‘It's Urgent’: Afghanistan’s Health Care Collapse

As winter bears down on Afghanistan, trees are cut down in hospital courtyards to heat patient rooms. Patients must bring their own bedding and food, and medical workers—who aren’t being paid—struggle to make do with the paltry medical supplies.

The country’s health system, cut off from funding by sanctions and under inexperienced Taliban management, has already collapsed in some regions, says Paul Spiegel, director of the Center for Humanitarian Health at the Johns Hopkins Bloomberg School of Public Health. Spiegel recently returned from a trip to Afghanistan as part of a WHO team investigating the emergency.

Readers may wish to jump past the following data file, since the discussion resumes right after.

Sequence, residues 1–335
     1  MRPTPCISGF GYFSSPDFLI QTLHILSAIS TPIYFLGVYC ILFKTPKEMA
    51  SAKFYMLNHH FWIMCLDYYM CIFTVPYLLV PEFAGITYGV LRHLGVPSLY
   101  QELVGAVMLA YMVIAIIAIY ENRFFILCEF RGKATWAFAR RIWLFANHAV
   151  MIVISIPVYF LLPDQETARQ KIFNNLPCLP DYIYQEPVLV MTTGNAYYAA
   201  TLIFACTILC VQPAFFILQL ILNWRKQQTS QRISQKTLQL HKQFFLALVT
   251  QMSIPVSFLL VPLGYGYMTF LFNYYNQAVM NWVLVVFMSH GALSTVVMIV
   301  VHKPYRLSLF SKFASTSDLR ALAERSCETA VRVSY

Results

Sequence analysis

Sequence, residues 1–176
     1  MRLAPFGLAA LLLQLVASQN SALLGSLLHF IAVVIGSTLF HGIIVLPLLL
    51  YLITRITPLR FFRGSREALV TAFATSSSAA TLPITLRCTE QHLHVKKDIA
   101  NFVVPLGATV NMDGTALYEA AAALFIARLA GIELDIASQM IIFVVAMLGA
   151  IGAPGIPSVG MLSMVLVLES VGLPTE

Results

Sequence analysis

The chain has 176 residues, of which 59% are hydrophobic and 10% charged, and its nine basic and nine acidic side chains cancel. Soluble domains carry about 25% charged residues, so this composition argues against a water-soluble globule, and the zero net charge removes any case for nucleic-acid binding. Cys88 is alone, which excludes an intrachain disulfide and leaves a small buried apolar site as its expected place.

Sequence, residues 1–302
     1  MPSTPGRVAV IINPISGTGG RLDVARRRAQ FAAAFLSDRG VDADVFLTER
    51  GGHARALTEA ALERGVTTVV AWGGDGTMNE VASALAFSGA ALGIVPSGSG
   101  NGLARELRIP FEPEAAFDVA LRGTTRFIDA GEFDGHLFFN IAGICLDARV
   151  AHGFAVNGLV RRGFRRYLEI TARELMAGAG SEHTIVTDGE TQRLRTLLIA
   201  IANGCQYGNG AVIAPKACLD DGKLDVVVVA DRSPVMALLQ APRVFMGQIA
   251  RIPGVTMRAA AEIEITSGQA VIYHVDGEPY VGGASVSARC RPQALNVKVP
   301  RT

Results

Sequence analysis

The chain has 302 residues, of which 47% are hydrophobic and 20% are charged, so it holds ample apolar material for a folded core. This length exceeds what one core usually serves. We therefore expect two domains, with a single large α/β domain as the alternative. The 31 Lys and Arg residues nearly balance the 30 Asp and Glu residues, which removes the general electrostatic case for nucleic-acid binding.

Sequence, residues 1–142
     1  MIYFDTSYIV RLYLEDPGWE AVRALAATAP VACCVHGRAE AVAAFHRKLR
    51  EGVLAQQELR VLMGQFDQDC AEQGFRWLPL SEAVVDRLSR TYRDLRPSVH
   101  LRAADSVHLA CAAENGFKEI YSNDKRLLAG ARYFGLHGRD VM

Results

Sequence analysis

“When winter comes in earnest, it will get much, much worse," Spiegel said. 

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